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An easy-to-implement, arena-friendly hash map

Steadman Dillroper <dillstead@gmail.com>
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Chris,

I just finished your article on the hash map and I was curious why you
didn't rotate the hash value? I see if you get to the bottom of the
trie you just start linking nodes off the first child creating a
linked list.  I assume rotation isn't really necessary if you have a
64-bit hash map because of the diminished chance of collision?

Also, you mentioned relative pointers and I was curious how you
implemented them in the context of arena allocation so I looked at
markov.c:

#define p32store(i, p) *(i) = (p) ? (p32)(((uptr)(p) - (uptr)(i))>>2) : 0
#define p32load(i)     (*(i) ? (void *)((uptr)(i) + ((uptr)*(i)<<2)) : 0)

I'm assuming you are shift by two because you'll never have an
alignment less than 4?  I quickly checked the code and that doesn't
appear to be the case.  It doesn't really save any more space, it just
allows you to "reach" farther with the same number of bits, no?

Steadman
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Good to hear from you again, Steadman!

> rotate the hash value?

If it's exhausted the hash — 32 levels deep — then it's a full, 64-bit 
collision. One of multiple so far. Rotating will not accomplish anything 
because it's reverting to a linked list regardless. Everything this far is 
rotating/shifting the same hash. Shifting is slightly simpler, so I picked 
that instead. NRK had initially proposed a rotation, and I did that myself 
until I noticed it didn't matter.

> because you'll never have an alignment less than 4?

Yes, relative pointers are 4-byte integers, and therefore 4-byte aligned, 
that point to at least 4-byte aligned objects. I shift out the always-zero 
lowest two bits to extend it to a 34-bit pointer that can reach 8GiB each 
direction. It's "saving space" in the sense that I can fit a 34-bit offset 
in a 32-bit integer.

With some difficulty and inconvenience I could make it relative to the 
containing map node, which is 8-byte aligned, and double the reach again 
to 16GiB each direction. If I make map nodes 16-byte aligned — which is 
probably still reasonable — I could double it yet again to 32GiB each way, 
which could then access all the physical memory of a good workstation. I 
stopped before taking it this far due to the debugging issues mentioned in 
my article.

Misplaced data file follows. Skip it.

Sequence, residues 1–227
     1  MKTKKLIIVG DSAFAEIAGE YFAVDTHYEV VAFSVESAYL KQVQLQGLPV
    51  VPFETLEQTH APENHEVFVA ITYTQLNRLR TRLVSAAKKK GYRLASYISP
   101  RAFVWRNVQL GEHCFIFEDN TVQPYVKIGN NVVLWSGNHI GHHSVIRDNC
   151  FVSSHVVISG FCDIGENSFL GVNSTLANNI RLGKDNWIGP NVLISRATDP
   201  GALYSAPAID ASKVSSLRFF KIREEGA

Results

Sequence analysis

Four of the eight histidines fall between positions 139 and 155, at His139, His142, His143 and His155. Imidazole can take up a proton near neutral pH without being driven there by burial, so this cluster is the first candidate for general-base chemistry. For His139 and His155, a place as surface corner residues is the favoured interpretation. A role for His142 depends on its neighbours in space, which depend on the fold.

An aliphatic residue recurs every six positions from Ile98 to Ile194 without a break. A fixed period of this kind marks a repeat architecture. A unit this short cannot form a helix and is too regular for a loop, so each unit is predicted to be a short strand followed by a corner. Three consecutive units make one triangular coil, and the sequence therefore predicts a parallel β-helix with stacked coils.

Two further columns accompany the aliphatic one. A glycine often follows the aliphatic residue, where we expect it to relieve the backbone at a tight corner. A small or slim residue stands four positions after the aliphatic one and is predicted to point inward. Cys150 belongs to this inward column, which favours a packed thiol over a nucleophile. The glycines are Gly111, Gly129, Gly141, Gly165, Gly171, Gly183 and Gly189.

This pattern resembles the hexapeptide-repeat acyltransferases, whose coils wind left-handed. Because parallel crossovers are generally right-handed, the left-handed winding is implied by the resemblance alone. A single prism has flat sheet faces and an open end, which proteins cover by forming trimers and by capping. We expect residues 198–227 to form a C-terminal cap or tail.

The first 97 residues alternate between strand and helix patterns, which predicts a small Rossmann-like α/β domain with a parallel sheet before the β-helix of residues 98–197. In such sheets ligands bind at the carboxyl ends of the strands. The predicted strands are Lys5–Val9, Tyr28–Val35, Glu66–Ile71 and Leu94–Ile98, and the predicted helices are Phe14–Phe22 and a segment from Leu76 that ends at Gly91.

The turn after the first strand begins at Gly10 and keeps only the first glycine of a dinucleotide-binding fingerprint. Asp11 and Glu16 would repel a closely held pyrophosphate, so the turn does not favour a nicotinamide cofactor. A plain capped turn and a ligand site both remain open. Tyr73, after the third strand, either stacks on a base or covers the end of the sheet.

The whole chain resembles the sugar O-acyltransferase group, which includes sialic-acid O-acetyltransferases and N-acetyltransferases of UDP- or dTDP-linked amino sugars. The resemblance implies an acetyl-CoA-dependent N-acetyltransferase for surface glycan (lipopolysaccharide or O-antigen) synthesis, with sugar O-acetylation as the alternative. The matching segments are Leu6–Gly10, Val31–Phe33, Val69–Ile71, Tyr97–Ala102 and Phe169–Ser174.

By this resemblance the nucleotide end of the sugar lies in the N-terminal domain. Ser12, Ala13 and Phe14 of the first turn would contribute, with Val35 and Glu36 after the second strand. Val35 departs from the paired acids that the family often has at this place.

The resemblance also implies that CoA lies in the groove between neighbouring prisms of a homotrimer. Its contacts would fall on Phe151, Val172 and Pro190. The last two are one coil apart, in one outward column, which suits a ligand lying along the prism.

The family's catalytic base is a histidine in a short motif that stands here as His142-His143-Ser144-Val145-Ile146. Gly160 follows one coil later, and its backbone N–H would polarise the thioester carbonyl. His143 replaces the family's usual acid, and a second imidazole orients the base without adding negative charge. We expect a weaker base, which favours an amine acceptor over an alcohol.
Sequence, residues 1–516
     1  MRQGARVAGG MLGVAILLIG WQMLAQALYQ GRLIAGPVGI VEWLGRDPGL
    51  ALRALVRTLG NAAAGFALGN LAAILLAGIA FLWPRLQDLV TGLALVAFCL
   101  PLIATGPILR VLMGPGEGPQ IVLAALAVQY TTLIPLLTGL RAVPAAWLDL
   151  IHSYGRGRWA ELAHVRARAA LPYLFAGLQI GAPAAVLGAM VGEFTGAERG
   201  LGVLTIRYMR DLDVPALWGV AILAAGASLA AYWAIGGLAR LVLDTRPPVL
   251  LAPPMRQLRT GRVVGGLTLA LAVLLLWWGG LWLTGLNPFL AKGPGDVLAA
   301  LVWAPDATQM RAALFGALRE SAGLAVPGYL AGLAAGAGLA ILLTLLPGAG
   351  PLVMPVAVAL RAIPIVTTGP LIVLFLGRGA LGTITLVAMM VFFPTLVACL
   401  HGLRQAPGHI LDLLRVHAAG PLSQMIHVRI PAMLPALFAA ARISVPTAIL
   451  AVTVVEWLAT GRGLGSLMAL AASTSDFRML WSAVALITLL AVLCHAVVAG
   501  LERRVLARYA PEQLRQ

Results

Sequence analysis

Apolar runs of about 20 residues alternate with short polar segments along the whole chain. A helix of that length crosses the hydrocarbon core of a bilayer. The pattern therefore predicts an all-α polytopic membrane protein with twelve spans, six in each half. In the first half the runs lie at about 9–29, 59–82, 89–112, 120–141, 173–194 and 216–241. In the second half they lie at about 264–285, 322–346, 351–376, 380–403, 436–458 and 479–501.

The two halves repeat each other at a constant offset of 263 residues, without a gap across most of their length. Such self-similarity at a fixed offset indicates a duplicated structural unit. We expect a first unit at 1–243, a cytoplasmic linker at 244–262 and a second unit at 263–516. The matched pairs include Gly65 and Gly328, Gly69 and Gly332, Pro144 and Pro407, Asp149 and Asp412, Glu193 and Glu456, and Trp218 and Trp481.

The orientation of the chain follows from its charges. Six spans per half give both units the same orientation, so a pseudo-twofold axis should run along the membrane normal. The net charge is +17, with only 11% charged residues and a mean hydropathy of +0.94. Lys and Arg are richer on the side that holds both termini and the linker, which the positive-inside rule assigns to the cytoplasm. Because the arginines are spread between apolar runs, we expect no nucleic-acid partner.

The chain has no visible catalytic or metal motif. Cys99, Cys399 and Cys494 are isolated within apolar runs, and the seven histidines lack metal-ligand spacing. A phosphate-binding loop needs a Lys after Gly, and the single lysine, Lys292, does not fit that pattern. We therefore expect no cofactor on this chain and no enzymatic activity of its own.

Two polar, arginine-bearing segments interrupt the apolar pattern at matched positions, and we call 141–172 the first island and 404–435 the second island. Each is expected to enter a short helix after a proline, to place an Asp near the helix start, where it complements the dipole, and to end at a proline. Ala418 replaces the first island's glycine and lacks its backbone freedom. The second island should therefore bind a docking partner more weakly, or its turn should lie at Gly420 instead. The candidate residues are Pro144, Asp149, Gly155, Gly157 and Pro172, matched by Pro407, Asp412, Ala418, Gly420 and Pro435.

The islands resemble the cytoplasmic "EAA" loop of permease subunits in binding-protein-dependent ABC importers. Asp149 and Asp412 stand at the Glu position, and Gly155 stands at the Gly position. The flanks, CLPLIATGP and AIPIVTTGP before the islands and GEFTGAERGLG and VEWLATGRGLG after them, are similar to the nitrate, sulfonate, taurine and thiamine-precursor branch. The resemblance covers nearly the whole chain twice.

In the macros notice I'm using uptr, not char*, to compute addresses. It's 
necessary for the shifts, but also because char* must follow pointer rules 
about comparing pointers from different objects. I made this mistake in an 
earlier experiment and quick ran afoul of GCC's optimizer.

> I quickly checked the code and that doesn't appear to be the case.

The arena ensures everything is properly aligned, and p32 pointers only 
point to two kinds of objects: "counts" and "markov" each a kind of hash 
trie, and therefore each pointer-aligned (8-byte aligned). That's greater 
than 4, so my 2-bit shift trick works. Always-zero bits are determined by 
min(src_align, dst_align).

If a relative pointer points at string data, I'd need to ensure the data 
is at least 4-byte aligned. Fortunately allocating such an aligned string 
using an arena is a piece of cake!

If you want to see the consequences of over-aggressively shifting out low 
bits, try changing the macros to 3-bit shifts and observe the results! It 
should quickly crash.

Also, thanks for taking a look at my Markov Chain / relative pointer demo!
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> Rotating will not accomplish anything because it's reverting to a
> linked list regardless.

Yup, using rotation was a rough first idea. And after thinking about it
more, I also came to realize that it isn't doing anything compared to a
shift. And shifting is both simpler and it communicates the "degrade
into linked list" condition more clearly so that's what I use now too.

And while this might be obvious, it's worth noting that unlike a
(chained) hash-table, a full hash collision doesn't necessarily trigger
a linear linked list search for hash-tries.

In order for it to degrade, it needs to first exhaust all the nodes in
that "path". That's 16 nodes if you're using a 32bit hash (assuming
4-ary trie) and 32 nodes for 64bit hash. And for this reason, if you're
planning to inserts thousands of items, using a 64bit hash becomes more
important for hash-tries.

You could also keep count of how deep you've traversed and re-hash with
a new seed upon detecting full hash collision. But I've noticed that
with 64bit hashes and my synthetic tests, I couldn't trigger the linked
list condition without going OOM first.

But what if you're worried about malicious input? This also might be
obvious, but haven't been explicitly pointed out so far, you can deal
with this in the exact way hash-tables deal with it. By using a